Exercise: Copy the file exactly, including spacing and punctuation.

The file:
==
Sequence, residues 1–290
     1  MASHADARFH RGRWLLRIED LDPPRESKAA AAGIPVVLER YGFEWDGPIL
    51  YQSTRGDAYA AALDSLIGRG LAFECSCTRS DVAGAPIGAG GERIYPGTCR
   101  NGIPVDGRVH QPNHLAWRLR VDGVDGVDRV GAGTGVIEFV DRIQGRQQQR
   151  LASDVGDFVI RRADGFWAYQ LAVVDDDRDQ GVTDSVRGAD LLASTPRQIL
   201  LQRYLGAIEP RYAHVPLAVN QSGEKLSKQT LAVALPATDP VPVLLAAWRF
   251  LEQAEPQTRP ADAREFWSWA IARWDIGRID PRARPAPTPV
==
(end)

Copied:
Sequence, residues 1–290
     1  MASHADARFH RGRWLLRIED LDPPRESKAA AAGIPVVLER YGFEWDGPIL
    51  YQSTRGDAYA AALDSLIGRG LAFECSCTRS DVAGAPIGAG GERIYPGTCR
   101  NGIPVDGRVH QPNHLAWRLR VDGVDGVDRV GAGTGVIEFV DRIQGRQQQR
   151  LASDVGDFVI RRADGFWAYQ LAVVDDDRDQ GVTDSVRGAD LLASTPRQIL
   201  LQRYLGAIEP RYAHVPLAVN QSGEKLSKQT LAVALPATDP VPVLLAAWRF
   251  LEQAEPQTRP ADAREFWSWA IARWDIGRID PRARPAPTPV